One of the worst ways to shoot your organic growth in the foot and make your marketing team’s job twice as hard (Literally), is by adding your blog, faq or help section on a sub domain.
On average, if your blog or other content rich section on your site is currently on a subdomain, you are losing an additional 30% of business on average.
At least in my experience.
What is a Subdomain?
A site address (URL) like the following is referred to as the main domain: mysite.com
If you have a site that has the following URL: whatever.mysite.com
That is referred to as a subdomain.
- help.yoursite.com and so on . . .
If you have any sections that you plan to grow on a regular basis (By adding content), do not create a subdomain for them.
To make matters worst, I have recently come across sites that actually have their main site on a subdomain like:
This is one of the worst of all SEO crimes.
Although there are some rare situations where having a subdomain can actually work for you, 99.9% of startups or websites in the entire universe don’t need them at all.
As far as SEO is concerned, sub domains should be avoided like the plague.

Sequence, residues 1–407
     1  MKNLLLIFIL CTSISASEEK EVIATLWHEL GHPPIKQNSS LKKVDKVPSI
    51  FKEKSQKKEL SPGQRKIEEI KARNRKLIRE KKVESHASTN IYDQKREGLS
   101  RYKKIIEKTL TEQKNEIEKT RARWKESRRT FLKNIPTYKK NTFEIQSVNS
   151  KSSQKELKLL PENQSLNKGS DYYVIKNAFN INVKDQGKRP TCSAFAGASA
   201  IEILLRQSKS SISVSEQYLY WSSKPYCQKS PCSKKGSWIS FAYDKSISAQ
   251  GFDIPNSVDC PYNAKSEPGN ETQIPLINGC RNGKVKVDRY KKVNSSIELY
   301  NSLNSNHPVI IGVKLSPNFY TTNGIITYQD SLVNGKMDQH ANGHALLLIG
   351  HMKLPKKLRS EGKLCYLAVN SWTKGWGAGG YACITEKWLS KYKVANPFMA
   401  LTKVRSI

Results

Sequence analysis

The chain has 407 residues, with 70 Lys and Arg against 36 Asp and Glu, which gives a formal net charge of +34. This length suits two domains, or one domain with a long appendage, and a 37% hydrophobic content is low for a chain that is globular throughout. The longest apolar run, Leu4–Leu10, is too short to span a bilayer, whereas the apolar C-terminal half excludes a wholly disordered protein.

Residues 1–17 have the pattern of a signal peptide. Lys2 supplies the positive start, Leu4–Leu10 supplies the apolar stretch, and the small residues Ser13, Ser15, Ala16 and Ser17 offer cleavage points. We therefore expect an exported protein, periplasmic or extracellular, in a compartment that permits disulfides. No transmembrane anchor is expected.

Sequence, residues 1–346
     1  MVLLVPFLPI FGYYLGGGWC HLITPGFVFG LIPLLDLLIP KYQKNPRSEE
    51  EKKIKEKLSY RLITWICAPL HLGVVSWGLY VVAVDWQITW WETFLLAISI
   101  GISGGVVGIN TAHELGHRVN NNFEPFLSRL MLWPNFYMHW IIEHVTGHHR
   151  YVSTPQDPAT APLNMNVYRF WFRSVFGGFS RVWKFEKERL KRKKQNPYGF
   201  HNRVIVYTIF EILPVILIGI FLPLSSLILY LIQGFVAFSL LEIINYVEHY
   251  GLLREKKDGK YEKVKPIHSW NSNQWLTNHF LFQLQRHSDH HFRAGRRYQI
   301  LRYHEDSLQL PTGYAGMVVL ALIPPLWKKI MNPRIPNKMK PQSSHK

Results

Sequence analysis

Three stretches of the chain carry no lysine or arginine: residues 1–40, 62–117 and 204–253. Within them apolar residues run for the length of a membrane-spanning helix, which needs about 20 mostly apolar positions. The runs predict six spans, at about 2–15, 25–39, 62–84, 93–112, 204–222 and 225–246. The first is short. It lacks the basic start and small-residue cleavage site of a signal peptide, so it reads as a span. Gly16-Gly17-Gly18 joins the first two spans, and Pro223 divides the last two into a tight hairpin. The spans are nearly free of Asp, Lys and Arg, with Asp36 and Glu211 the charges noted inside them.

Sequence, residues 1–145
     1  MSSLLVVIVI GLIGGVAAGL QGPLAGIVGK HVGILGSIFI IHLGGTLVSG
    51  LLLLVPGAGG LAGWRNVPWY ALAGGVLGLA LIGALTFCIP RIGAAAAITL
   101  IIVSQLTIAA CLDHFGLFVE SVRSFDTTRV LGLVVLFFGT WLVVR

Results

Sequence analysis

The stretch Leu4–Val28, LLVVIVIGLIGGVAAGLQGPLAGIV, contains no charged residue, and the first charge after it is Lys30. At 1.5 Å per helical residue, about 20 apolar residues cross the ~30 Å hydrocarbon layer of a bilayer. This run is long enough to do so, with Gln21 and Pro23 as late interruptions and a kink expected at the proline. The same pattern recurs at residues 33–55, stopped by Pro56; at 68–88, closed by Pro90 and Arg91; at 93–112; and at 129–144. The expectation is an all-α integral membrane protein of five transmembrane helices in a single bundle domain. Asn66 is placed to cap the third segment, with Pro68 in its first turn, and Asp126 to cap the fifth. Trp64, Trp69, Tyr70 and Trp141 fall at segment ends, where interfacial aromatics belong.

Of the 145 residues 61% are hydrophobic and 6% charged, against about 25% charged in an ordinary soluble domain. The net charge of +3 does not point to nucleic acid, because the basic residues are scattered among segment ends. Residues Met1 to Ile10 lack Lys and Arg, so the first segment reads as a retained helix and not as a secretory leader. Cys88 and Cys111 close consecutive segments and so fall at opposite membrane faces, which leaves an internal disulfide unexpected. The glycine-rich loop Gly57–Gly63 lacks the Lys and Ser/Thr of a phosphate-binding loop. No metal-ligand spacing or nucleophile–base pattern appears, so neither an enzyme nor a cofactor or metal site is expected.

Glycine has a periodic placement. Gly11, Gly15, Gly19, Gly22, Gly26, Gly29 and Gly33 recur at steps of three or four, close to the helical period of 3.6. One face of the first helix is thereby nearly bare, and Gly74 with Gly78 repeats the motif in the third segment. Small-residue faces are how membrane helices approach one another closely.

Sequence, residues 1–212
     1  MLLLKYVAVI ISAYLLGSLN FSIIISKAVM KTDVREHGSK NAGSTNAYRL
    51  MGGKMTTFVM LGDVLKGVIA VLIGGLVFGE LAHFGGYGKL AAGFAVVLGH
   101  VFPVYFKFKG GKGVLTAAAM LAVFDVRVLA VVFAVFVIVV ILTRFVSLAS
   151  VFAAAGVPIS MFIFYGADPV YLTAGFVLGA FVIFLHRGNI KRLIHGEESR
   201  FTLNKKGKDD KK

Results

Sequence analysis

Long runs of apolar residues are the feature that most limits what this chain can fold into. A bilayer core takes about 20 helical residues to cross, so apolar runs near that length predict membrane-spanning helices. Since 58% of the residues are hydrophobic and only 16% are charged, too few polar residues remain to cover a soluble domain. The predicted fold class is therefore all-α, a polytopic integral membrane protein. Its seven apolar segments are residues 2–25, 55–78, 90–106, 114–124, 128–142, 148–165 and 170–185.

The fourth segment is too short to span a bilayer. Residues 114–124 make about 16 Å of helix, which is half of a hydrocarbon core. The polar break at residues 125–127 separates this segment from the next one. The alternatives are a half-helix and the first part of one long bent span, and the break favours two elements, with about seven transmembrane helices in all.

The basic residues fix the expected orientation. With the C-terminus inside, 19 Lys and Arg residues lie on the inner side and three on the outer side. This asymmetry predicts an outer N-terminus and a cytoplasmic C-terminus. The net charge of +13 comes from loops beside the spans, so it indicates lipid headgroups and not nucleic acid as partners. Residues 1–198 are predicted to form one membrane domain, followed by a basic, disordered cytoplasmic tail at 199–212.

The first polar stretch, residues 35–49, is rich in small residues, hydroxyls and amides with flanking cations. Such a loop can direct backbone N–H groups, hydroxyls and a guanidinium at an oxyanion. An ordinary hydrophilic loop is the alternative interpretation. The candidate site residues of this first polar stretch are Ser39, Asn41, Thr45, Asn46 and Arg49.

Why Subdomains Are A Horrible Idea
Let’s see what Moz’s founder (Considered one of the highest authority on SEO) said about subdomains after they moved their own subdomain (guides.moz.com) to a sub-folder(moz.com/beginners-guide-to-seo).
PLEASE NOTE: This specific MOZ’s page ranks on the first page on Google.com (US) for the keyword “SEO” by the way.
That says something doesn’t it?
Anyways, let’s get to it . . .
A blog hosted on a subfolder will take your entire site’s organic traffic to the next level.
- Pinshape.com: 500% growth in just 7 months.
- Private Client (SAAS): After moving the blog from a subdomain to a subfolder,bwe surpassed 4 million in sales in just 4 months.
As you can see, a simple change can drastically improve your organic traffic situation. I’m not saying moving your blog to a subdomain will solve all your traffic woes (You do have to run a site audit and fix any other immediate issues) but this move will finally set your site up for real organic growth.
Now the question is, why having subdomains is a horrible idea?
Well there are three ways in which subdomains kill your traffic and especially your future organic growth.
- Subdomains don’t pass link juice to your main domain.
- Doubles your marketing while diminishing your results.
- Lots of popular resources and blogs refuse to link to subdomains.
1. No Link Juice = No Rankings
To understand this, first we need to look at how Google ranks a site.
Google likes sites that have awesome content and links from other sites.
Of course SEO is a process that is much more complicated but in a nutshell, that’s exactly what it is.